As Minister for Justice and Equality, my primary responsibilities in this area relate to the development of effective responses under the criminal law. An important consideration is that the criminal law targets behaviour that is illegal, whether online or offline.
The Joint Committee on Children and Youth Affairs published a comprehensive report in March which contains recommendations on various issues of concern to families and outlines some practical steps to make children safer online. Those recommendations include: the establishment of a digital safety commissioner; and the updating of the Non-Fatal Offences Against the Person Act 1997 to include the specific offences of harassment and stalking. What action has been taken to implement the recommendations? These are clear and measurable actions that can be taken by the Government. The Minister referred briefly to a new action plan for Internet safety which is due to be launched in June. Is that on target? If it is not, why is that the case? We need to see greater urgency in respect of this matter. Many of these issues have been highlighted previously, some as long ago as 2014.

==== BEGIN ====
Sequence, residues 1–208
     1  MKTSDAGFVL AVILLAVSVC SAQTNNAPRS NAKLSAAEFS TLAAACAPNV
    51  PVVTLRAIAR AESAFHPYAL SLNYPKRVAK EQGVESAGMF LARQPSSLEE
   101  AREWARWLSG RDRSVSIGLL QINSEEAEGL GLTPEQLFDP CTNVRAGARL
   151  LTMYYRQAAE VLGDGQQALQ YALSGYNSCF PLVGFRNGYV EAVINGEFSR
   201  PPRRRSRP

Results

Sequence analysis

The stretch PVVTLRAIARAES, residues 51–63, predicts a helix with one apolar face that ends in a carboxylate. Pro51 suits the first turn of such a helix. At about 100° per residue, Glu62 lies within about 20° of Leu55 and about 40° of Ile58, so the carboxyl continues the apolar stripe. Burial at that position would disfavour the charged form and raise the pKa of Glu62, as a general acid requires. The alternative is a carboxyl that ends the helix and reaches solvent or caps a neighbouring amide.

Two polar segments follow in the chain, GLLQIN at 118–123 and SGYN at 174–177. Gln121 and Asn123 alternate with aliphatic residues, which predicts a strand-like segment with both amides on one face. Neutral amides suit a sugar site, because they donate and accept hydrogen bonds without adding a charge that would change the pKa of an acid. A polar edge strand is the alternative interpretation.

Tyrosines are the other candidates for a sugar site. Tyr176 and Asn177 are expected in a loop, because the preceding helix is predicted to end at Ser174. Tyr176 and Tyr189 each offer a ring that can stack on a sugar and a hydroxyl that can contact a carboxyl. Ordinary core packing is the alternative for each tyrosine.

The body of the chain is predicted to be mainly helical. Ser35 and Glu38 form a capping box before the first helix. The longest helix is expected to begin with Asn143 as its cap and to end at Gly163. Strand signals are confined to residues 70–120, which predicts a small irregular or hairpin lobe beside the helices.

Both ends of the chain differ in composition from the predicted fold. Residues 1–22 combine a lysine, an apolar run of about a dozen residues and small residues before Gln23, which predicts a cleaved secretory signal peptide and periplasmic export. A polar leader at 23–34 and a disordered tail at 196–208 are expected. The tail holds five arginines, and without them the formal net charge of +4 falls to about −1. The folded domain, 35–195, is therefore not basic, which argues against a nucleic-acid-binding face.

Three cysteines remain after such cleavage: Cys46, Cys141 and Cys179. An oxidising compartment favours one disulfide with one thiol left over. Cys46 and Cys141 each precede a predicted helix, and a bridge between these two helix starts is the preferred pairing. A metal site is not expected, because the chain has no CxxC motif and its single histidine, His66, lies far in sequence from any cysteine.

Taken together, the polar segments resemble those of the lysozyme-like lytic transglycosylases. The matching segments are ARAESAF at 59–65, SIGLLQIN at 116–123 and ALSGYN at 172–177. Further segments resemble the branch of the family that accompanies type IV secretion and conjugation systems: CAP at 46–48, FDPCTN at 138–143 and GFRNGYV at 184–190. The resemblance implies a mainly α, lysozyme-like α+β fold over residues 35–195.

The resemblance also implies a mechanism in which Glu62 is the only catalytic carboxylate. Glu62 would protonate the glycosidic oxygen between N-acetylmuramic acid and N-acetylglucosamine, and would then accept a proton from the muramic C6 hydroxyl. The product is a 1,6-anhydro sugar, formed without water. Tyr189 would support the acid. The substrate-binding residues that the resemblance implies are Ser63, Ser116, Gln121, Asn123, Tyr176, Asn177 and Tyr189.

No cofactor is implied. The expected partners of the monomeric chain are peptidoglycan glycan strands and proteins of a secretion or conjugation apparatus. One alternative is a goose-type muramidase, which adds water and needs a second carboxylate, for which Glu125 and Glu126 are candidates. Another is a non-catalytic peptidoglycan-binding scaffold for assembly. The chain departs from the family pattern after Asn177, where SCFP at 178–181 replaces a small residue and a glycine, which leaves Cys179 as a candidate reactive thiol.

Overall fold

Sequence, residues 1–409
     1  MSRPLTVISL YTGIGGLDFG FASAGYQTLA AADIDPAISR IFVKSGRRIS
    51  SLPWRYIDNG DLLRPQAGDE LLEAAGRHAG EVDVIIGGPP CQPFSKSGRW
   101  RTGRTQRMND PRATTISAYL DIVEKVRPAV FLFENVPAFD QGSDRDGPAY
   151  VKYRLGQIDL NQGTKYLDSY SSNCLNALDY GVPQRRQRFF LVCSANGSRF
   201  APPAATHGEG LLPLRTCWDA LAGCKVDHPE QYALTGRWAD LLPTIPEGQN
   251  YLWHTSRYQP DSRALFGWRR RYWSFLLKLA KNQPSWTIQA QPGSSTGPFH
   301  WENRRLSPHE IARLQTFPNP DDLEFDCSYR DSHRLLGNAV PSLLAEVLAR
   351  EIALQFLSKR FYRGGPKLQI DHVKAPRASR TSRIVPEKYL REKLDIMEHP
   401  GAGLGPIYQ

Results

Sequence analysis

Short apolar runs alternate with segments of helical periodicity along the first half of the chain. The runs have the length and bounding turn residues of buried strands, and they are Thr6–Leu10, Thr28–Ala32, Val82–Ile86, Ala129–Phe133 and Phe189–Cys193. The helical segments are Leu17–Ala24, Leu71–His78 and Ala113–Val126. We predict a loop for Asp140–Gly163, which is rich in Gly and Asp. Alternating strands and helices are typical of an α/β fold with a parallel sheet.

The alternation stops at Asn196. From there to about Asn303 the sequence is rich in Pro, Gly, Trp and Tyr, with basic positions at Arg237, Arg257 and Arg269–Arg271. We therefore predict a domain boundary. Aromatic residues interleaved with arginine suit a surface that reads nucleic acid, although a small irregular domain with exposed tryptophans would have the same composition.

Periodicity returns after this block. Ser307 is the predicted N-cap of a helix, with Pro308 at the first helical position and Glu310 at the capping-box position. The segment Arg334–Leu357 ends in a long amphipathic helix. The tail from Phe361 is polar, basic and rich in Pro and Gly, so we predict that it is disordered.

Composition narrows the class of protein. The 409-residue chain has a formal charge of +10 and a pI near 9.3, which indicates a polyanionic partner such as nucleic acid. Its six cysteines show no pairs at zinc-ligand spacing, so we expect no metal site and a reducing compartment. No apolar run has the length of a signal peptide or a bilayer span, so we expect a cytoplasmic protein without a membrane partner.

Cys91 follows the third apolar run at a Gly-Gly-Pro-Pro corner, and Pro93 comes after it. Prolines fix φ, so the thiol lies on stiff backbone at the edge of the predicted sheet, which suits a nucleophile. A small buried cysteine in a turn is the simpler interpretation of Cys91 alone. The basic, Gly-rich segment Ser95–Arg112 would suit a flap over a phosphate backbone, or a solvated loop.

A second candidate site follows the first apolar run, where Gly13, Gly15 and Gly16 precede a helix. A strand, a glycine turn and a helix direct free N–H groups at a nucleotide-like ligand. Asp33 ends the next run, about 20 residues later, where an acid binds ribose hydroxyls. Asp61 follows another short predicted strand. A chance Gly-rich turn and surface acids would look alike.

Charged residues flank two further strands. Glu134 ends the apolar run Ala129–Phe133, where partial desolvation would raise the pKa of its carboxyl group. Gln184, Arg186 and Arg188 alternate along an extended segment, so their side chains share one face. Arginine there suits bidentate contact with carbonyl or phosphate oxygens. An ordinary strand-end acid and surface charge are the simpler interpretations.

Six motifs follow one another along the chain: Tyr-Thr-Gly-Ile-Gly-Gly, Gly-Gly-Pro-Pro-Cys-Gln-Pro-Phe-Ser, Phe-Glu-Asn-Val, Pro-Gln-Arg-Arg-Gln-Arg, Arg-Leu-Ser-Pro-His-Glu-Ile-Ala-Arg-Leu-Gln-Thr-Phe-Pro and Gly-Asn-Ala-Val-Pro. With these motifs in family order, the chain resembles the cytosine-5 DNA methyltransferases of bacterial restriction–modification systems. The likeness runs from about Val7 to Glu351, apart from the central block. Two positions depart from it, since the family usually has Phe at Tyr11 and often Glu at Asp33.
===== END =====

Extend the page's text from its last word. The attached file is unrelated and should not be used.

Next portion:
I accept that there is an urgency here and that this is extremely important. The Deputy will appreciate that the best means by which this issue is addressed is through a whole-of-Government approach. That is why my colleagues, the Ministers for Children and Youth Affairs, Communications, Climate Action and Environment and Education and Skills share responsibility in this area. From my perspective, the Department of Justice and Equality has been working to bring forward additional legislation on foot of the report of the Law Reform Commission, LRC, on harmful communications and digital safety published in September 2016.
As Minister for Justice and Equality, I am committed to working with colleagues across politics to ensure that we make the rapid progress that Deputy Aindrias Moynihan feels is essential. I agree with him that progress is essential and I would be happy to hear from all and any Deputies who are in a position to work with me on this. I recently accepted a Labour Party Private Member's Bill along broadly similar lines to the legislation that was in the course of being drafted in my Department. This Bill has now progressed through Second Stage in the Dáil and I look forward to working on its further development as part of the overall integrated approach we are putting in place across Government to tackle these important issues.